I woke up with not a hangover, which was an odd feeling for me. Usually when I open my eyes in the first thing in the morning the pain makes me close them as fast as possible. I try to pretend its a cold that is going around or an allergy attack of some vague sort, but the fact is I am a huge fan of Charles Shaw red wine. All sorts of red, as long as the color is red and it stains my round white table. This morning I woke up to some painful process of writing that as usual took me to places that I didn't need to go to. What I did need to do is have lunch with one of my best friends Jenny at Mohawk Bends. Most of the dishes there are vegan or vegetarian, but it is sort of really good trash food at the same time. She ordered a healthy looking salad, but I went for Avo and Chips, which is fried avocado and of course french fries.
Since it was noon (approximately 12:03 pm) I ordered a glass of Chardonnay which was $9 per glass. My meal itself cost $12, and I hate the fact that my wine was almost as expensive as the food. Perhaps through my upbringing, I always felt all beverages should all be in the $2 or $3 range. Even alcohol!
Jenny was very excited because she started reading the works of Pierre Loti, who to be honest, I knew very little of. But anyone who wrote a book called "Flowers of Boredom" is OK with me. Jenny is very much of an adventurer of body and mind. Although I never shared the body part of her adventure we have shared literature that was important to us over the years. I was more of a Yuki Mishima man myself. I always liked the idea of a writer dressed in an uniform, and if he was photographed by Cecil Beaton, or made into a film by Joseph Losey better yet. Sadly as far as I know Mishima was neither photographed by Beaton nor made into a film by Losey - nevertheless Jenny didn't know that, so as long as I tell these 'facts' loudly enough, she will of course believe me. I always prefer the images by Beaton than say a photographer like Garry Winogrand. Too much realism destroys the illusion of fantasy.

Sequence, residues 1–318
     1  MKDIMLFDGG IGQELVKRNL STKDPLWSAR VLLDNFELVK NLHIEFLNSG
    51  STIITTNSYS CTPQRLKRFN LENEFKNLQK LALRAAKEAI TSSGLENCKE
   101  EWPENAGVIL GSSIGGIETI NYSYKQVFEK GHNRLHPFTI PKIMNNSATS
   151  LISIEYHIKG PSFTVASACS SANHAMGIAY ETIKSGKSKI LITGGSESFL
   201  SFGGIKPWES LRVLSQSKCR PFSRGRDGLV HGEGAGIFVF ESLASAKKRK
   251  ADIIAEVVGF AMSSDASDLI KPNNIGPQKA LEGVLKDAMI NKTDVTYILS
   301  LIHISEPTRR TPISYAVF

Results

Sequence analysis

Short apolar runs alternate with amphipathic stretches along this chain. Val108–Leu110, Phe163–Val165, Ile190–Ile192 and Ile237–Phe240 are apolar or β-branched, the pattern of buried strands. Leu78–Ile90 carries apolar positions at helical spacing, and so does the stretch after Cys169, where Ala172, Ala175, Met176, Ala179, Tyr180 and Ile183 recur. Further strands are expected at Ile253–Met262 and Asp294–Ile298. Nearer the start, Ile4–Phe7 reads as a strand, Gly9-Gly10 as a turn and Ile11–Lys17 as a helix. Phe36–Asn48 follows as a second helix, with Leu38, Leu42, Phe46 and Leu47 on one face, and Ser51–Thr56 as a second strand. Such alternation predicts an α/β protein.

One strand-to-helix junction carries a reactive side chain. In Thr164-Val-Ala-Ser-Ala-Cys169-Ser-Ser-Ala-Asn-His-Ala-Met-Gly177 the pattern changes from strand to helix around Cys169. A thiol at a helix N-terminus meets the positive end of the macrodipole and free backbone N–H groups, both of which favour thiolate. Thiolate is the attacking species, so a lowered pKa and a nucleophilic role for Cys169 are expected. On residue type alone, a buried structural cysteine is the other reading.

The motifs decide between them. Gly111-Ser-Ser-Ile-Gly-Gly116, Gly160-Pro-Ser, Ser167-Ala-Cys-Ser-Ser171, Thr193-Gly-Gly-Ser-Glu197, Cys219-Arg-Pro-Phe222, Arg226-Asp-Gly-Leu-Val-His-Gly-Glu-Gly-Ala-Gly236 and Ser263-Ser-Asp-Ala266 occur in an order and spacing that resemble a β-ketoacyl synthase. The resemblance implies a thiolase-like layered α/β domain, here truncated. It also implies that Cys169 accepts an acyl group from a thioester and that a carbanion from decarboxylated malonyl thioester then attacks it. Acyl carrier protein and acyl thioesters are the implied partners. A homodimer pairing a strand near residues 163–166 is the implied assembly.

After lunch we went a couple doors down to visit my new favorite record store Blue Bag Records. Happily they just received a shipment of 7" EP's from the 1950s. I purchased around 20 titles, all from that era. After saying goodbye to Jenny and thanking her for the meal (as a principal I always have someone else pay for my lunch) I rushed back home to photograph and play my new (although technically old) records on my sort of new, but old portable turntable. I can look back today where I didn't have a hangover, had lunch (paid for) with a great friend, and surrounding myself with the beauty of music not processed by the 21st Century.